Showing posts from February, 2010

Do I Believe That GoGo Makes Airplanes Safer? Yes!

Since I'm typing this during the intermission of the U.S. Hockey team's attempt to upset the heavy favorites for the gold medal, I thought I'd appropriate the famous line from the Miracle on Ice 30 years ago for today's blog headline. After analyzing the security of the in-flight WiFi offering six months ago, it's time to revisit the GoGo offering and discuss why it really makes things safer for the data security on airplanes as a whole. Gogo is an airplane-based Internet WiFi service available from several airline carriers on flights across the continental United States. Gogo is a fee-based service that costs $30 for a 30 day pass (which I am grateful for due to having four cross-country Delta trips in a twelve day period) or $13 for a single day pass (handheld devices get a $5 discount on the daily price). Gogo security is what could be described as borderline negligent in a typical WiFi guest access environment. Essentially, they are mainly protecting themse

On Second Thought, I Am Into Airpcap... Sometimes

At the risk of sounding like a flip-flopper , I have to reassess my previous post about Airpcap. I was doing some sniffing on a few flights recently and I realized that there are some pretty nice things about CACE Technologies' signature product. Nine days ago, I was frustrated. After using Wireshark to view WiFi packet dumps from KisMAC for years, I thought that I was finally being upgraded to first class. I had my Airpcap NX, my CACE Pilot and a few days off from my real work to finally become the acolyte of the open source sniffing movement that I've always wanted to be. (O.K., not really.) I spent my time with the CACE Tech Triumvirate and at every turn I became more and more angered. Every standard sniffing activity seemed three steps harder and two times slower than it should have been. Association tracking, retry analysis; you name it. They all were a pain. I finally gave up and wrote a regrettably titled column citing my displeasure with the whole lot of them. I then

It's Not Sniffing, but It's Unique and It's Free

I try my best to stick to real WiFi sniffing when doing this blog, but sometimes a new product comes along that is close enough that it deserves a mention. Meraki, the WiFi infrastructure vendor that specialized in cloud-based management of APs, has released a web-based tool called Meraki WiFi Stumbler. It's not a sniffer in that it doesn't capture frames or identify stations, but it does do typical stumbling functions without requiring an installed application, which is unique. Meraki Stumbler is a free, Java-based tool that is available at the Meraki website. It's completely web-based, so you don't need to run a separate application. The app is intentionally simple. It gives you basic 802.11 discovery information like SSID, security, signal strength, BSSID and channel. It does support both the 2.4 GHz and 5 GHz bands, so you'll see and 802.11a/b/g/n APs in the area. The one oddity is that it ostensibly reads signal strength in dB (I'm assuming they mean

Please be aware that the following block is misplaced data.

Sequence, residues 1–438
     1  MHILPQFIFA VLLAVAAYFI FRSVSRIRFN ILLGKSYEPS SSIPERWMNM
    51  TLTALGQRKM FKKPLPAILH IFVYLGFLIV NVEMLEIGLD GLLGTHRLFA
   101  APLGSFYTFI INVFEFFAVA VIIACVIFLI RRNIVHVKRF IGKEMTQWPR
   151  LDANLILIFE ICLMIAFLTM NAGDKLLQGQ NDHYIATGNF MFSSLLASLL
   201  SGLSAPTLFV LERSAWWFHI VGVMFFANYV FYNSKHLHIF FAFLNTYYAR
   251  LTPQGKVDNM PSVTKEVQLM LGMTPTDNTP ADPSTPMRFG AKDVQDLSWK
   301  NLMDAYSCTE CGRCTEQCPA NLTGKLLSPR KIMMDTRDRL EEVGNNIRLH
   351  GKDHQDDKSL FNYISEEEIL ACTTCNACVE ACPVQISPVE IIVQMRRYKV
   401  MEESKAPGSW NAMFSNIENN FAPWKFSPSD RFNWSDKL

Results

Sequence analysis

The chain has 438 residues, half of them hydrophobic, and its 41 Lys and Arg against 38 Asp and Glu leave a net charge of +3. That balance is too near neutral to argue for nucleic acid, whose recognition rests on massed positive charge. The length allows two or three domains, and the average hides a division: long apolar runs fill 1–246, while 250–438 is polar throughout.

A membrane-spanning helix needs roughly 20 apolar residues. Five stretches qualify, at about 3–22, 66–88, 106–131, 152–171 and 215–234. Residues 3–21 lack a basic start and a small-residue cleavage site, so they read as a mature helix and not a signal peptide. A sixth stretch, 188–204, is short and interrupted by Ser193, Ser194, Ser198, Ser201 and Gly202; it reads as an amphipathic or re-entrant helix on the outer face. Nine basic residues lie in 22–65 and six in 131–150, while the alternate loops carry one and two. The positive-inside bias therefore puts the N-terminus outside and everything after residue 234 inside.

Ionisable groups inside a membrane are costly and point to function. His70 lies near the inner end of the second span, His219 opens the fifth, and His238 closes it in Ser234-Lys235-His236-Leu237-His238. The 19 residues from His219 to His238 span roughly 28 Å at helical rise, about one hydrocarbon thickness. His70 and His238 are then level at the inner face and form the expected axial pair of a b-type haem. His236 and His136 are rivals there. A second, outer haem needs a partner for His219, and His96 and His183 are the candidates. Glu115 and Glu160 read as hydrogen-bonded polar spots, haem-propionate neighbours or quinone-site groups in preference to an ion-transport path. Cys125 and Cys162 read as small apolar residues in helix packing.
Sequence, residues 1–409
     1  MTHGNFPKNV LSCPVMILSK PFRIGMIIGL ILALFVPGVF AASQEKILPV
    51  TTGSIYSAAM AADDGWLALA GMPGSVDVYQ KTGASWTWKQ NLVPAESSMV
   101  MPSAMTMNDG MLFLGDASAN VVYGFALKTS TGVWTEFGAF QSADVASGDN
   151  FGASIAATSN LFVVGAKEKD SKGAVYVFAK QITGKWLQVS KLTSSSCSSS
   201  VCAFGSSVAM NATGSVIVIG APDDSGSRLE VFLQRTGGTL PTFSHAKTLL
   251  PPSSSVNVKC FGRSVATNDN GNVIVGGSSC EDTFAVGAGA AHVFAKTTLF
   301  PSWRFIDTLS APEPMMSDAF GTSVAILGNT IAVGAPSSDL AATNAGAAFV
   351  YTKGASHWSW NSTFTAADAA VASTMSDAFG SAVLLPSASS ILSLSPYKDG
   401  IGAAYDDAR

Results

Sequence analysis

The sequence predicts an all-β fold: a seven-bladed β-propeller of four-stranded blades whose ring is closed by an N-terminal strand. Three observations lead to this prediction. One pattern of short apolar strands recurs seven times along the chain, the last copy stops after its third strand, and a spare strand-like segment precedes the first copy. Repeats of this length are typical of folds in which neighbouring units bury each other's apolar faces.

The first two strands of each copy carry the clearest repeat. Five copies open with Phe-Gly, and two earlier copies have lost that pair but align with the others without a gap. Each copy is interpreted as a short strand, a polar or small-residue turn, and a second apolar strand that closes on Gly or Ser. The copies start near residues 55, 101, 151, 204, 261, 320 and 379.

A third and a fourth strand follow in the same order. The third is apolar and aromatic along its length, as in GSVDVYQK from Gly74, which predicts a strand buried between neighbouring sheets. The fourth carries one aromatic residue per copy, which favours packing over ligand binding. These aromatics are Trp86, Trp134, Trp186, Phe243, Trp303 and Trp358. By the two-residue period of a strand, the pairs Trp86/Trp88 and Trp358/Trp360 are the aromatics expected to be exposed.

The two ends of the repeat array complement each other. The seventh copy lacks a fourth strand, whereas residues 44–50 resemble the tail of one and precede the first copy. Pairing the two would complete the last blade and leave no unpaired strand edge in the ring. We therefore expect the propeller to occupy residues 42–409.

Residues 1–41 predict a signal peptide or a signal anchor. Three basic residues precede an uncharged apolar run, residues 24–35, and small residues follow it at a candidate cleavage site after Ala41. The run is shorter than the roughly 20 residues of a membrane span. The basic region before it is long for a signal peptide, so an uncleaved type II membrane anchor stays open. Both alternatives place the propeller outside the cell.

I'm Just Not That Into Airpcap

With Valentine's Day ( the movie ) tearing up the box office, I had to harken back to the title of last year's early February rom-com  to describe my feelings about WiFi sniffing with Airpcap, CACE Pilot and Wireshark. I really want to like these products because they are inexpensive and ambitious. In the end, however, they are also too rooted in wired analysis. When I'm doing real WiFi sniffing, I'd rather have something that is elegant, reliable and focused on the basic tasks of wireless analysis. Here's my basic analogy based on He's Just Not That Into You and it's ilk: I'm like the typical guy character in those movies. (Now, that means that I run the risk of coming off like an insensitive jerk here, but if that's the risk of writing an honest blog, so be it.) Airpcap is like the frumpy, energetic, unlucky-in-love girl. It's great to have around, but would I want to choose it as my sniffing partner? No. WildPackets OmniPeek is more like An